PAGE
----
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Consider $f_n(x) = \sum_{k=0}^{n} {x^k}$. Does $f_n$ converge pointwise on $[0,1]$? Does it converge uniformly on $[0,1]$?

Well, my approach would be, first of all to notice that if $x \neq 1$, then by simple induction we get $$f_n(x) = \frac{1 - x^{n+1}}{1-x}$$

So, $(f_n) \rightarrow \frac{1}{1-x}$. But at $x = 1$, the $f_n \rightarrow \infty$, hence $(f_n)$ does not converge pointwise. Therefore, it does not converge uniformly. Is this correct? Hope to get feedback


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Yes, you are correct (since uniform convergence would imply pointwise convergence). Note that for any $0<b<1$, $f_n$ converges uniformly (and hence pointwise) on $[0,b]$. – copper.hat Nov 22 '12 at 6:48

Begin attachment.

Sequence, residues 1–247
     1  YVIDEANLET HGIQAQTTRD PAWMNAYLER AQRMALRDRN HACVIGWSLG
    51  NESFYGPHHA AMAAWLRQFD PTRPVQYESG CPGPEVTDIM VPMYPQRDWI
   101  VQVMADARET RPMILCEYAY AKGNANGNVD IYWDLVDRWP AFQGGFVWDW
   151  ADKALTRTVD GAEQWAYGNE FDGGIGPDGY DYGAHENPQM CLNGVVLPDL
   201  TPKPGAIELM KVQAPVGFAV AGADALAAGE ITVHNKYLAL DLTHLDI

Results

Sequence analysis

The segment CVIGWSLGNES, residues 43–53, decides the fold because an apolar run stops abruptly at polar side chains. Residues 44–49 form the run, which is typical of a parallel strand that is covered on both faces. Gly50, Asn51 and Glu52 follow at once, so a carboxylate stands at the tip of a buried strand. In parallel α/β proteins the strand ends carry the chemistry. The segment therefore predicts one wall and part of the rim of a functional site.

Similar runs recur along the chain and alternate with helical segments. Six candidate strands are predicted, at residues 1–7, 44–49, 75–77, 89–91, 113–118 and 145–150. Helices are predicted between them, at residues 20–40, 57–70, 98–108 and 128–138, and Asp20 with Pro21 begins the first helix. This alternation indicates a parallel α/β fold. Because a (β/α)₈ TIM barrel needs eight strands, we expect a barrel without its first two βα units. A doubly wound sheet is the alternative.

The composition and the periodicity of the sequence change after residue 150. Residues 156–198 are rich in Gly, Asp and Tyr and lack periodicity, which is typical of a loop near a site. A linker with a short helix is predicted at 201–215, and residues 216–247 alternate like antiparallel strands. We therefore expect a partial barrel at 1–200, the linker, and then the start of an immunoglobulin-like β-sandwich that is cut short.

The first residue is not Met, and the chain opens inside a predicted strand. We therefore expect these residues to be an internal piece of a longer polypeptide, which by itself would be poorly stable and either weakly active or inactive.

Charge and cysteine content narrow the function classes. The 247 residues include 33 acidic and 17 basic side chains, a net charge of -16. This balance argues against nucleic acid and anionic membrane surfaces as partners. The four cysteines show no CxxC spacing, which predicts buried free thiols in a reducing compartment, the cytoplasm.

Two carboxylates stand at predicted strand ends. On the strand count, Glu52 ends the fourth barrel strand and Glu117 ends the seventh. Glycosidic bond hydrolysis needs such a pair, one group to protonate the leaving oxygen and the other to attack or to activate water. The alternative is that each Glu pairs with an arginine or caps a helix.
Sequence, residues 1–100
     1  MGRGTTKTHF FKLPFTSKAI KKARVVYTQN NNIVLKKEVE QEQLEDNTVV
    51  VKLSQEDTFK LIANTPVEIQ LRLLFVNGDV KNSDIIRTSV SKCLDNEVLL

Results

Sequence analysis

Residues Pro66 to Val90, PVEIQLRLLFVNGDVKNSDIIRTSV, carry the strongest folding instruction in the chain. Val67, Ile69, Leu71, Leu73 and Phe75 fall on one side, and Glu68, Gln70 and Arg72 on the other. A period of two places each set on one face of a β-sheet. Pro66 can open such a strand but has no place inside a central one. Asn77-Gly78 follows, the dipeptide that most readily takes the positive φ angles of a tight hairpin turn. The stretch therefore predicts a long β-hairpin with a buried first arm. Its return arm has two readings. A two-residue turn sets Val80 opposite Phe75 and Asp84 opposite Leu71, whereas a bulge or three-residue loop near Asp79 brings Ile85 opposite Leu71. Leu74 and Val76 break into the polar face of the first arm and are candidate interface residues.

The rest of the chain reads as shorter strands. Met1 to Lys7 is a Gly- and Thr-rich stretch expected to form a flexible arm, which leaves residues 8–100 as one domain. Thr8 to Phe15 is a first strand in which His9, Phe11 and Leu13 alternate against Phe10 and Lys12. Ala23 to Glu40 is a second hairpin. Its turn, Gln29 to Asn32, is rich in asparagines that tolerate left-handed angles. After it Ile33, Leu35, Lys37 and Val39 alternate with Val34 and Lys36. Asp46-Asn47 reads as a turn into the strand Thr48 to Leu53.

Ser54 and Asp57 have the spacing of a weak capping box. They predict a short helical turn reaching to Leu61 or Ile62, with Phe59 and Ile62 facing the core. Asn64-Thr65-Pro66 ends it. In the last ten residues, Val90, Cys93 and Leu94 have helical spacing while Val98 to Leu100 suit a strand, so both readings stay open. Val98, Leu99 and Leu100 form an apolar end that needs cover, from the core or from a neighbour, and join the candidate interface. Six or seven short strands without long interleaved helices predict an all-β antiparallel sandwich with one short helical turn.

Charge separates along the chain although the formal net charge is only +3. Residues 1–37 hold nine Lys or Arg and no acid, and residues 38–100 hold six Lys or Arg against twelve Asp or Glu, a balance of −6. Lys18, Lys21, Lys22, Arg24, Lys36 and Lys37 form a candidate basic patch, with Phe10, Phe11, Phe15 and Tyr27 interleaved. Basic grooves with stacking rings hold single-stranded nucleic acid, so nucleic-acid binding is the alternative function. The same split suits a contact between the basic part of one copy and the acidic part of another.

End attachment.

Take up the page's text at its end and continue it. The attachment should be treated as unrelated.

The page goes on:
May be good to show uniform -> pointwise as an exercise for yourself. – Frudrururu Mar 31 '13 at 21:18
up vote 3 down vote accepted

What you have looks good. I thought I'd chime in with something a little different.

$f_n(x)\to f(x)$ pointwise on $[0,1]$ iff for each $x\in[0,1]$, $|f_n(x)-f(x)|\to 0$ as $n\to\infty$. This clearly fails at $x=1$ for any proposed function $f(x)$ since $f_n(1)=n+1\to\infty$ as $n\to\infty$. And since pointwise convergence on $[0,1]$ fails, then uniform convergence on $[0,1]$ fails as well.

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